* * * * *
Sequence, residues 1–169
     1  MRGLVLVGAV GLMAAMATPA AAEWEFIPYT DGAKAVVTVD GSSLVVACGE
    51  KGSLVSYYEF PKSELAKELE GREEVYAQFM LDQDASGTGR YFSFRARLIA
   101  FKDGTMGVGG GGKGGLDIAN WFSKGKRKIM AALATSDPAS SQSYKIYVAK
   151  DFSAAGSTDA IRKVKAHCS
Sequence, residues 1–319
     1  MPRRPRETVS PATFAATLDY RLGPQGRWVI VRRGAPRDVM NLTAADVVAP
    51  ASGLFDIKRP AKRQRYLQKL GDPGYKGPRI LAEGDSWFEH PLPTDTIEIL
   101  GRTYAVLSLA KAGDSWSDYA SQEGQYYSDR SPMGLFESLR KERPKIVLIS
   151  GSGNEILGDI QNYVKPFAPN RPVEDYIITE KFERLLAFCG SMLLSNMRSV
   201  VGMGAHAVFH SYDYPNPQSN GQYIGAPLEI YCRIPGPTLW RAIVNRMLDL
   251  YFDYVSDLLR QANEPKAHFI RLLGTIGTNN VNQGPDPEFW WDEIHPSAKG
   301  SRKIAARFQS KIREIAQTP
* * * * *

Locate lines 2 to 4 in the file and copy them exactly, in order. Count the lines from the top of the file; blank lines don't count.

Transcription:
     1  MRGLVLVGAV GLMAAMATPA AAEWEFIPYT DGAKAVVTVD GSSLVVACGE
    51  KGSLVSYYEF PKSELAKELE GREEVYAQFM LDQDASGTGR YFSFRARLIA
   101  FKDGTMGVGG GGKGGLDIAN WFSKGKRKIM AALATSDPAS SQSYKIYVAK